Sunday, November 13, 2022

Even If

In these strange days, do you think the prophet thought back on his childhood? I imagine he might've been a boy, holding onto his daddy's hand, that day around 621 BC when they stood somewhere on the fringes of the temple courts. It was a momentous occasion. The high priest had uncovered something in the temple archives: a forgotten book. That, said the eighteen-year-old King Josiah, was why he'd summoned so many of the people there. It was crowded, and little Habakkuk couldn't see. But the crowd was silent enough that he could hear as Judah's king read, word for word, the Book of the Covenant to them all (2 Kings 23:2). And so Habakkuk heard, for the first time in his life that day, “the words that Moses spoke to all Israel beyond the Jordan in the wilderness” (Deuteronomy 1:1). He heard the declaration to all Israel that “the LORD our God, the LORD is one,” and “you shall love the LORD your God with all your heart and with all your soul and with all your might” (Deuteronomy 6:4-5). He heard: “Now, Israel, what does the LORD your God require of you, but to fear the LORD your God, to walk in all his ways, to love him, to serve the LORD your God with all your heart and with all your soul, and to keep the commandments and statutes of the LORD, which I am commanding you today for your good?” (Deuteronomy 10:12-13). He heard from the mouth of Josiah the words of Moses: “See, I am setting before you today a blessing and a curse: the blessing, if you obey the commandments of the LORD your God which I command you today, and the curse if you do not obey the commandments of the LORD your God” (Deuteronomy 11:26-28).

Habakkuk heard that day the command of bringing firstfruits to the priest from the land God had given. “When you come into the land that the LORD your God is giving you for an inheritance and have taken possession of it and live in it, you shall take some of the first of all the fruit of the ground which you harvest from your land that the LORD your God is giving you, and you shall put it in a basket, and you shall go to the place that the LORD your God will choose, to make his name to dwell there. … Then the priest shall take the basket from your hand and set it down before the altar of the LORD your God. And you shall make response before the LORD your God: 'A wandering Aramean was my father, and he went down into Egypt and sojourned there, few in number, and there he became a nation great, mighty, and populous. And the Egyptians treated us harshly and humiliated us and laid on us labor. Then we cried to the LORD, the God of our fathers..., and the LORD brought us out of Egypt with a mighty hand and an outstretched arm..., and he brought us into this place and gave us this land, a land flowing with milk and honey. And behold, now I bring the first of the fruit of the ground, which you, O LORD, have given me.' And you shall set it down before the LORD your God and worship the LORD your God, and you shall rejoice in all the good that the LORD your God has given to you and to your house – you, and the Levite, and the sojourner who is among you” (Deuteronomy 26:1-11).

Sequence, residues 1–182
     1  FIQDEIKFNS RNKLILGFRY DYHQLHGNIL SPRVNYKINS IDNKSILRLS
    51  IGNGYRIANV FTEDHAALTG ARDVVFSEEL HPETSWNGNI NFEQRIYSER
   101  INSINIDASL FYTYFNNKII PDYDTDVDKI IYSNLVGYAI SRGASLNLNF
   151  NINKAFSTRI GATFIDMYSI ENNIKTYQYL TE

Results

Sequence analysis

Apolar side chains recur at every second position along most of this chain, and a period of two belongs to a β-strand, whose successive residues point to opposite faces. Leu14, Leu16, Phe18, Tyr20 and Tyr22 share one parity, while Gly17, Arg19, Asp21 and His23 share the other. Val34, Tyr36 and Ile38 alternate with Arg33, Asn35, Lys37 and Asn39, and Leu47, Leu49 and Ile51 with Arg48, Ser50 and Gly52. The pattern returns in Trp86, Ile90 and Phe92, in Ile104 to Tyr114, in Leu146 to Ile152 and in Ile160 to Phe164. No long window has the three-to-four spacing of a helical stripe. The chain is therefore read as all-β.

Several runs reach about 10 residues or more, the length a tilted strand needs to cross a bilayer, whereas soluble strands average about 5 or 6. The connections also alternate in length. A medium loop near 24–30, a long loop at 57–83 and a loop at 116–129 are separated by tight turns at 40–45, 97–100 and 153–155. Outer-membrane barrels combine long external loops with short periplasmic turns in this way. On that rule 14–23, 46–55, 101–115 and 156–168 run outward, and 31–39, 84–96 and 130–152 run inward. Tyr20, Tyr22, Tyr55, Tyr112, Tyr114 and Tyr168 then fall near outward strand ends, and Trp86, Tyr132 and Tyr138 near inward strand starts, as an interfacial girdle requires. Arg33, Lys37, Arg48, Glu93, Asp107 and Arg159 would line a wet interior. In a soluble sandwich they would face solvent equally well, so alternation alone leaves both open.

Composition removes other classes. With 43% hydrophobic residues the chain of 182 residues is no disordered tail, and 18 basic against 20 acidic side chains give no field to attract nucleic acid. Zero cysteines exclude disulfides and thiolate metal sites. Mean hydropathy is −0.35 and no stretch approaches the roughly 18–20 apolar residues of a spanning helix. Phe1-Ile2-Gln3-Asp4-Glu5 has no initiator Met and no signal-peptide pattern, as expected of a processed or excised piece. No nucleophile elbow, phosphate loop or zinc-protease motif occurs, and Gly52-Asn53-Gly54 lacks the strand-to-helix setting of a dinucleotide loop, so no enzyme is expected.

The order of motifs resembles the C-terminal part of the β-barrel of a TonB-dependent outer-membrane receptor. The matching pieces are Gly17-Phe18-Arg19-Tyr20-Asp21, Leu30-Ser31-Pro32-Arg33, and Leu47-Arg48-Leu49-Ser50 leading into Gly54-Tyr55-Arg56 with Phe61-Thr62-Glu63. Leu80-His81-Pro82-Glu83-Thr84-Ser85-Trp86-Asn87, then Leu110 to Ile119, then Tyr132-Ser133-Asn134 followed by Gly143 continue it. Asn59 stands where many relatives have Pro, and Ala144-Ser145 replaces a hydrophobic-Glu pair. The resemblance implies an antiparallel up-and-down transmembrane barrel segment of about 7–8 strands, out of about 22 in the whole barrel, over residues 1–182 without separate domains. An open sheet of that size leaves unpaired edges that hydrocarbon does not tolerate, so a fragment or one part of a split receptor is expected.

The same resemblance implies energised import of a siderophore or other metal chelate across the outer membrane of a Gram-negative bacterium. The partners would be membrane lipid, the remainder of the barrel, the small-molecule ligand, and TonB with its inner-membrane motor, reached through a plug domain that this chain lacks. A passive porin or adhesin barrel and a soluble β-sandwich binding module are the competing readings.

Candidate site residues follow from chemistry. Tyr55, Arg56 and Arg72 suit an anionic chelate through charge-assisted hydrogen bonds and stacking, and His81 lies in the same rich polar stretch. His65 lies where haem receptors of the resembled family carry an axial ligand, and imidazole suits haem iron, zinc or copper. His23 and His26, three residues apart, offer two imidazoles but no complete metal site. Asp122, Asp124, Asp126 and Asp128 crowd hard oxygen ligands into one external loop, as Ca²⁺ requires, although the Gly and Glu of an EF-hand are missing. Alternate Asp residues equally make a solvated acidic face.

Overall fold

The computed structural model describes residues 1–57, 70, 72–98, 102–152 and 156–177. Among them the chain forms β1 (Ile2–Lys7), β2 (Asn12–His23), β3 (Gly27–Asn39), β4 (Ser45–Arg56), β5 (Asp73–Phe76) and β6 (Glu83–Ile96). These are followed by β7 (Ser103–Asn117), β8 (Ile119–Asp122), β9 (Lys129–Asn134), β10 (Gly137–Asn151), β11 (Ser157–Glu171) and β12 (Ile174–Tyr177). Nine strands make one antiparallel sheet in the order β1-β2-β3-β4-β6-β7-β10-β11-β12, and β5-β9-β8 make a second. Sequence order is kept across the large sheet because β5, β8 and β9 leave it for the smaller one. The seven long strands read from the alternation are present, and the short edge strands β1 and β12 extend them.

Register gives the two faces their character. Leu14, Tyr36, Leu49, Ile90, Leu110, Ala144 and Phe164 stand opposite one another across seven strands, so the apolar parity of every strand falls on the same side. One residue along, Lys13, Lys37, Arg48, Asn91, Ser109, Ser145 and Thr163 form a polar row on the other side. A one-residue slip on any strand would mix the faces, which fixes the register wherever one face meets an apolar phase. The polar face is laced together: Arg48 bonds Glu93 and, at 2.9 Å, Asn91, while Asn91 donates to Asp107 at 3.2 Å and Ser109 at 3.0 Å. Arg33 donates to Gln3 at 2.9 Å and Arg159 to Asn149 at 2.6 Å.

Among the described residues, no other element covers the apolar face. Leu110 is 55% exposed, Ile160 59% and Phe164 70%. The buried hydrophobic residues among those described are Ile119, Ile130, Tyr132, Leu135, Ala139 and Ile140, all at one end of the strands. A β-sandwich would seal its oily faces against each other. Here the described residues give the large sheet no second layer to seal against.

Habakkuk remembered hearing those words for the first time as a boy, and how that year, under Josiah's guiding example, the people obeyed the law. As Levites, he and his family rejoiced with every tribe and every clan in God's goodness to all and to each. For, as Habakkuk had also learned that day, the blessings God promised to Judah for obedience included supply and security alike. “The LORD will cause your enemies who rise against you to be defeated before you,” Moses assured them, “and the LORD will make you abound in prosperity, in the fruit of your womb and in the fruit of your livestock and in the fruit of your ground, within the land that the LORD swore to your fathers to give you. The LORD will open to you his good treasury, the heavens, to give the rain to your land in its season and to bless all the work of your hands” (Deuteronomy 28:7, 11-12).